A Small Logging and Switching Layout on the Greenbrier Sub

Cutter Feb 5, 2021

  1. Cutter

    Cutter New Member

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    Cool cool cool. They worked fine in the post editor. Glad there's no edit button, that's super helpful. Here, lets try again.

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    Kurt Moose, Dogwood, Sumner and 2 others like this.
  2. Cutter

    Cutter New Member

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    I finally made it to my grandpa's place to put together the benchwork. I don't have a great area to put it together in my small apartment, and my grandfather has some experience in amateur woodworking and cabinetry that proved invaluable during the construction process. Before heading to Home Depot, I booted up SketchUp again and drew up some plans.

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    The "layout box" is designed to be cheap, lightweight, and portable; the various panels disassemble to flat-pack. This allows me to fit the whole layout in the back of my Civic, and also to open up the frame for maximum access to the layout during assembly. The frame is 1x2 furring strips sheathed by 1/4" birch plywood. As built, the benchwork cost less than $100, with one important caveat: I want to eventually "picture frame" the opening of the layout with a nice hardwood like walnut. With lumber prices what they are at the moment, even such a small amount would have tripled the price. Thus I'm leaving them off for now, and won't attach the fascia boards until the layout is complete and, hopefully, the lumber market has calmed down a bit.

    Unfortunately, I forgot to take photos of the entire frame assembled in the garage, but here is the base back in my apartment being adhered to the foam subroadbed. It fits into the alloted space perfectly!

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    One of the perks of working in an architecture office is access to a large format printer. Thus, rather than having to print my layout plan on 30 sheets of letter paper and painstakingly jigsaw puzzle them together, I have the luxury of printing out the entire layout plan at full scale on a single sheet of paper. Some spray adhesive lightly tacks it to the foam base. Looks like it fits pretty well!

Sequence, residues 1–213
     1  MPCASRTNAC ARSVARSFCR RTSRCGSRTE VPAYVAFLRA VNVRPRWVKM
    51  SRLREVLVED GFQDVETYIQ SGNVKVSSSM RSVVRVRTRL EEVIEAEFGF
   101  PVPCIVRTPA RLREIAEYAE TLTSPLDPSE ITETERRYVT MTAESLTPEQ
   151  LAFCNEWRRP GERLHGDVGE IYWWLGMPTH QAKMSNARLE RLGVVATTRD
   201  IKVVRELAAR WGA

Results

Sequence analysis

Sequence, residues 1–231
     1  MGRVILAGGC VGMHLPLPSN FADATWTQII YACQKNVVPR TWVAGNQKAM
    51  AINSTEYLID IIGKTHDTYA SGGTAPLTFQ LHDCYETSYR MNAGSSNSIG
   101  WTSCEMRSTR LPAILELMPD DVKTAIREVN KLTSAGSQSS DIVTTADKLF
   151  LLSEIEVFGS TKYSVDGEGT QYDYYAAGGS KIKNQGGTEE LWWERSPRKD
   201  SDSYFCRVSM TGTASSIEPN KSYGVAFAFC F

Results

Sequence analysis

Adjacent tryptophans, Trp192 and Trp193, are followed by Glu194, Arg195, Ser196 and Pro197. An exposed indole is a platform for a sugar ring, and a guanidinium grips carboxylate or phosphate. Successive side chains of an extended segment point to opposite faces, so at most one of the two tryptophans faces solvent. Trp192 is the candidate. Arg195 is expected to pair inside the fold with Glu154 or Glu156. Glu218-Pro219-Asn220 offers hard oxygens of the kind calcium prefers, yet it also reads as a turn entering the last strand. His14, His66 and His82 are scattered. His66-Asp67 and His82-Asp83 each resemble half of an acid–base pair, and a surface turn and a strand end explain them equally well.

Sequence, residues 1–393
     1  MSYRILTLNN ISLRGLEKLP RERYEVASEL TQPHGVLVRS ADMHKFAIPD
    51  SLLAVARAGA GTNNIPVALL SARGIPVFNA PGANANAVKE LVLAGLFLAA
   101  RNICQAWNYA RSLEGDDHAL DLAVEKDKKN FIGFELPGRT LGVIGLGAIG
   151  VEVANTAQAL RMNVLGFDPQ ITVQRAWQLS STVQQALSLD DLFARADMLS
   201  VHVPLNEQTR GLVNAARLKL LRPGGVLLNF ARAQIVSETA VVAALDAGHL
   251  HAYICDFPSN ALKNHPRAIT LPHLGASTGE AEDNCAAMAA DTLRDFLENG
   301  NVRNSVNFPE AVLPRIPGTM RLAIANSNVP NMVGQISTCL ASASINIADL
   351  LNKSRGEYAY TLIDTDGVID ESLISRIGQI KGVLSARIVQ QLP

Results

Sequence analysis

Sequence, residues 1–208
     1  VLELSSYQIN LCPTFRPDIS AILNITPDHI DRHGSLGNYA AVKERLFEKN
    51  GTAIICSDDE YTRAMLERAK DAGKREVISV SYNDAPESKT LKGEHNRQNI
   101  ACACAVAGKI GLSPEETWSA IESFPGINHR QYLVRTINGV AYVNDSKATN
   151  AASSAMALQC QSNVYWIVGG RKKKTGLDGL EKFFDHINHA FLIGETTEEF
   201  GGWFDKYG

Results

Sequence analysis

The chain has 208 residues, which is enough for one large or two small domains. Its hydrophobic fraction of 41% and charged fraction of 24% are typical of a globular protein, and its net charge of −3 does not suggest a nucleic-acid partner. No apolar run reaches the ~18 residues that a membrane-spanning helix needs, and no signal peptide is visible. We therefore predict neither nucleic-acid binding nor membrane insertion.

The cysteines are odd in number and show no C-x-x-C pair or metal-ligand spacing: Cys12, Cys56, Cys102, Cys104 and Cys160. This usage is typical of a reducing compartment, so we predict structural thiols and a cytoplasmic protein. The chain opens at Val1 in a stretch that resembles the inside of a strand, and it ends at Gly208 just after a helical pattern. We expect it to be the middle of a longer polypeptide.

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    I'm still making small revisions to the track plan here and there, but the turnout count and total track length is pretty fixed, so the next step is to buy some track! Just have to bite the bullet on the $300 or so it'll take...
     
    Kurt Moose, Joe Lovett and BoxcabE50 like this.
  3. Cutter

    Cutter New Member

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    (For the record, The Fountainhead is merely dead weight in that photo and is a relic from my high school required reading list. I f**g hate Ayn Rand. :) )
     
  4. BigJake

    BigJake TrainBoard Member

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    Looking good!

    Have you thought about how (if) you want to hide the rear corner vertical supports?

    The top diagonal braces are superfluous, unless you need support to prevent racking without the plywood skins attached. You don't have any for the sides or back anyway.

    I haven't read Fountainhead, but I generally liked Atlas Shrugged, though perhaps more the theme than the volume. Rand herself was an incendiary figure.
     
  5. logging loco

    logging loco TrainBoard Member

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    I'm enjoying following along. Looks like this will be a great layout.
    I really like your printed building. The horizontal board detail is amazing.
     
  6. Cutter

    Cutter New Member

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    Conveniently, the rear verts are where mountains will be, so only the tops will be exposed. If they still bother me I'll curve some styrene in front of them and blend it into the backdrop. And you're correct about the corner braces. I ended up not needing them, buit I kept some aside just in case.
     
  7. RedDogF5

    RedDogF5 New Member

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    Sorry, not related to this thread at all, but this picture brought back memories of my first job, "peeling poplar" as a wee lad. I had an uncle that worked for a papermill and logged on the side, and the mill paid more for debarked poplar trees, so that's what he logged. My cousin and I had the debarking job, with spuds more industrial than that, a chunk of 1" round handle welded to 1" think chunk of steel rounded and sharpened on the end. At six cents a stick, we were rich! :)

     

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